Theodore Grigsby was fifty-three years old and recently retired from the stock market. He was a rational man. A rational man who sometimes, but not often, wore a purple and black kimono that had once belonged to his mother, Zita Howitzer, God rest her soul. Even less often, Theodore Grigsby wore his dead mother’s robe while doing pirouettes all across the roof of his thirty-story apartment building. Theodore had never done this second thing until this very morning, and he paused in mid-whirl to try and remember what he was doing on the roof in the first place. He got distracted, though, by his attempt at figuring the odds of a passing traffic helicopter broadcasting his half-naked, kimono wearing body on the six o’clock news. He considered further the probability of someone he knew seeing him on television. Then he remembered that both his parents were dead, his wife had recently left him for the Galapagos Islands, his only real friend was the blind doorman to this building, and that very often of late, he felt all alone in the world.
Theodore remembered his original reason for coming up to the roof.
He cantered closer to the nearest ledge. An audience of pigeons greeted him with what he imagined to be coos of encouragement. He looked out over the edge of the world. He calculated how long it would take for a man such as himself to hit bottom. Not more than a second or two, he decided. The blink of an eye, really.
Theodore swung himself up onto the ledge. This seemed a great surprise to the pigeons, all but one of whom escaped into flight, careening in wide circles about the roof. Theodore inched one foot forward, and then the next, until both sets of toes tasted their first breath of emptiness. He lifted his face to the sky, and, for a moment, he lost track again of where he was and what he was doing. He wondered at the wind and the clouds and the way such seemingly weightless things could take on such gravity.
It was at this moment that the brave remaining pigeon cooed such a powerful coo that it startled Theodore, and he fell from the roof belly first, his kimono billowing out behind him like some kind of exotic tortoise shell.
Katherine Coolidge still preferred being called Katie because it reminded her of St. Pete and alligators and her father’s stories of the little people that lived in their walls. She had been afraid of the thumps and scurries that surrounded her growing up, and, instead of telling her the truth, Katie’s father told her that there was an entire civilization of little people who worked all night, every night, strengthening the walls of their home so that nothing bad would ever happen to it. Eventually, Katie learned about the rats, and, eventually, her house was torn down as part of St. Pete’s revitalization, and somewhere in between all that, her father disappeared in pursuit of one or another of his fancies.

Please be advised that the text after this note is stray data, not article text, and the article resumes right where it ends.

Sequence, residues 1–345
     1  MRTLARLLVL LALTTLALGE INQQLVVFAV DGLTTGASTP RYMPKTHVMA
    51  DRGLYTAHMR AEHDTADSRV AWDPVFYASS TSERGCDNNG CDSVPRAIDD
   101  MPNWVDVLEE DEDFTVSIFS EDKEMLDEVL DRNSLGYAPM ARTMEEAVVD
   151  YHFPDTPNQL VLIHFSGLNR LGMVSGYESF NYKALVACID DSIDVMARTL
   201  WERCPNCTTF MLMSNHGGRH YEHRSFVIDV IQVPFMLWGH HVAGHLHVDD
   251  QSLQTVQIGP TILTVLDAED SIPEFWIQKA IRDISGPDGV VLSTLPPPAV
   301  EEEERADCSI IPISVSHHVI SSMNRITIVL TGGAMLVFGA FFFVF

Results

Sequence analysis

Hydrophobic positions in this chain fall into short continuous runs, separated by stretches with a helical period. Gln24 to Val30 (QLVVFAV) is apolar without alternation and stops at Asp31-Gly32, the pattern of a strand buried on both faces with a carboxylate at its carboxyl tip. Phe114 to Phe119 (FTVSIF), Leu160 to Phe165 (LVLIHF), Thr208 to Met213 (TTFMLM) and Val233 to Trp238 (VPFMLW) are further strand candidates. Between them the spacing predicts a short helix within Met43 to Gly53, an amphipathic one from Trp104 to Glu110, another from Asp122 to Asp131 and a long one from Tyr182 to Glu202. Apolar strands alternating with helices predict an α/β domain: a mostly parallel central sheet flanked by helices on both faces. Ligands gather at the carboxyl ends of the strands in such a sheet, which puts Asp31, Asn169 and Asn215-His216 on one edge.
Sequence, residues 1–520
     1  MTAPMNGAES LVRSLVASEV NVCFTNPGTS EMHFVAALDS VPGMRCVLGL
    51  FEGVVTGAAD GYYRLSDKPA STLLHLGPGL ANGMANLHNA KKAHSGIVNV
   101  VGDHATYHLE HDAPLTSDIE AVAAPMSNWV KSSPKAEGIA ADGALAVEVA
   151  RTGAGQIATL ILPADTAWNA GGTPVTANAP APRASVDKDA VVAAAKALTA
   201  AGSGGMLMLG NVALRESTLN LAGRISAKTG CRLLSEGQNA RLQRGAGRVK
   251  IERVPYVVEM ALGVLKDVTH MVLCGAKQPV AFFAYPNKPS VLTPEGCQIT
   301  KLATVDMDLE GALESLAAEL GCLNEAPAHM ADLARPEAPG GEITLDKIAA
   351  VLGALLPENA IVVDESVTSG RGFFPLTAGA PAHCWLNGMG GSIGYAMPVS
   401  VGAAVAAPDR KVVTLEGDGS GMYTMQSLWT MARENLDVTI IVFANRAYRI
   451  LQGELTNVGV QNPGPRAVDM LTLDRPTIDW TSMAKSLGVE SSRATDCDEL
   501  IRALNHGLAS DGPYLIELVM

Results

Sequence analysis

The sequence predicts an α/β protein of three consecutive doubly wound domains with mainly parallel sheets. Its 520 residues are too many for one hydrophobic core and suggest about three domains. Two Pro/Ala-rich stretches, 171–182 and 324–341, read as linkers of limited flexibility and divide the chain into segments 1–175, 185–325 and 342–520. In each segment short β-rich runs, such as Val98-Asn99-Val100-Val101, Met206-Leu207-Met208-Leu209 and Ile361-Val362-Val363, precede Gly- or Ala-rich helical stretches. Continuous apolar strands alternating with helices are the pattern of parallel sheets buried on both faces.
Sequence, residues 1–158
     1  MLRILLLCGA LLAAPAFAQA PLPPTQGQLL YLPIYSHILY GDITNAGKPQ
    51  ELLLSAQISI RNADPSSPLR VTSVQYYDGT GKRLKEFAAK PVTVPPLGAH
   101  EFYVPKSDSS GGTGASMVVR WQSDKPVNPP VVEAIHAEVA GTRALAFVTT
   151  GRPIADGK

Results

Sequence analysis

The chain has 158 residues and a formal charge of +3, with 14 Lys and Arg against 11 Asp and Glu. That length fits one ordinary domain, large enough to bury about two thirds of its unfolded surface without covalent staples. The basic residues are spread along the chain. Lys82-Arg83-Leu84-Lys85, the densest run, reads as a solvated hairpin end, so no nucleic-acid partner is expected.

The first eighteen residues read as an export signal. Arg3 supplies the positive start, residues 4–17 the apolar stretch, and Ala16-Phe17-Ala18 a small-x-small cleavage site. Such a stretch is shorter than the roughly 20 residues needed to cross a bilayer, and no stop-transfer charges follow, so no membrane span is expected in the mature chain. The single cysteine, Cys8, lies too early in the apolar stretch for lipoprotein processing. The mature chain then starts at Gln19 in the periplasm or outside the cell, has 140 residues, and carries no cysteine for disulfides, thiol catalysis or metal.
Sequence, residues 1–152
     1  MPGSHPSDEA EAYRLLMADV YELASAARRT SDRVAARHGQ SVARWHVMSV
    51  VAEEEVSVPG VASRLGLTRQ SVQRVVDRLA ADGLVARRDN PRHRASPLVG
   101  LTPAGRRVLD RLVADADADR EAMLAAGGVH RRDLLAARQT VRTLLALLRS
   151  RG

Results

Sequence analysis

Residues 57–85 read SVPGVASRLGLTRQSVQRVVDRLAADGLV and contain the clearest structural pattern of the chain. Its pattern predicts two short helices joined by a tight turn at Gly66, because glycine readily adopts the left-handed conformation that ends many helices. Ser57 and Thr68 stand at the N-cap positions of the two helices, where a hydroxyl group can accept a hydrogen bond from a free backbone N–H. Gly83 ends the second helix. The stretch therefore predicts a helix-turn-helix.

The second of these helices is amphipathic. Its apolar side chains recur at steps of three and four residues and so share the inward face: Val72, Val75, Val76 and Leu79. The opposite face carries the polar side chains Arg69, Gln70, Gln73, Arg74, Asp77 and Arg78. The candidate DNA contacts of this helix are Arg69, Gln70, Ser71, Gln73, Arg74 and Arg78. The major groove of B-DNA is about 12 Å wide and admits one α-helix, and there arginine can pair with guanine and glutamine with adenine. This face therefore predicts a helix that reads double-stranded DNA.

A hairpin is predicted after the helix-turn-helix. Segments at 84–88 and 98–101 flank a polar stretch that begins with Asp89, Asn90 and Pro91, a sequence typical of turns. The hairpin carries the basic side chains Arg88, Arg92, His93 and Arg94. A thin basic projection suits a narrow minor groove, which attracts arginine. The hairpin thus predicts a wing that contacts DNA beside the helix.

Still, she liked on occasion to think of herself as surrounded by those hundreds of tiny, helpful men.
Katherine took a sip of coffee. She thought about why now, of all times, she would think of her father. She wondered if it had anything to do with the middle-aged man in a kimono who was floating just a few feet in front of her balcony.
He tried to keep his eyes open. It seemed important to take in as much of everything as he could. Balconies and bedroom windows and potted plants and racks of laundry. The fractured squawk of daytime talk shows. Snatches of a pop song that followed him on the way down and which, no matter how hard he tried, he could never quite make out. A girl singing in her shower. A boy brushing his teeth.
His ears burned.
His eyes watered.
His cheeks chipmunked.
The world fell out of focus, and then there was only noise. The rush of air reminded him of being eight years old, huddled under the blankets of his bed. Listening to his mother vacuum.
And then, nothing.
No more rush. No more squawk.
Just the sound of his breath and the beating of his heart and the soft whir of distant traffic.
That didn’t seem right.
Theodore opened his eyes.
A young woman stood on an apartment balcony. She held a coffee cup to her lips.
He looked down.
A small bird flew from one side of the road to the other.
A light breeze rustled his kimono.
He patted himself down in the manner one searches for lost keys.
“Are you okay?” the woman on the balcony said.
Theodore looked up. He had never seen the woman before. Long, blue sweater. Cut-off jeans. Flip-flops. Dark, curly hair braided into a single braid draped across her right shoulder. He might have found her appealing in different circumstances, but currently, and without anyone else around with whom to be angry other than himself, he decided that she would have to do.
“I’m fine,” Theodore said. “Thank you.” He continued his self-examination, peeking into his robe’s open folds, searching for whatever was wrong with him that he couldn’t even off himself properly.
The woman on the balcony laughed.
“What’s so funny?” Theodore said. He pawed at the air around his face.
“Nothing,” the woman said, though clearly she found something about his situation very amusing.
“I was in the middle of something,” Theodore said, “and, if you really must know, I would dearly like to get on with it.”
The woman continued to watch him.
“Don’t you have anything better to do?”
“Well, then” he said. He frowned. “If you’re going to hang around like this–”
The woman laughed at this, too.
Theodore gritted his teeth. His face burned. He started again. “Look. Why don’t you try helping me instead of standing over there feeling so goddamn superior?”
The woman stopped laughing.
“What is it that we’re trying to do here exactly?” she said.
Theodore considered this.
“Maybe you have something heavy I could borrow? An old television set you’d like to be rid of, perhaps?”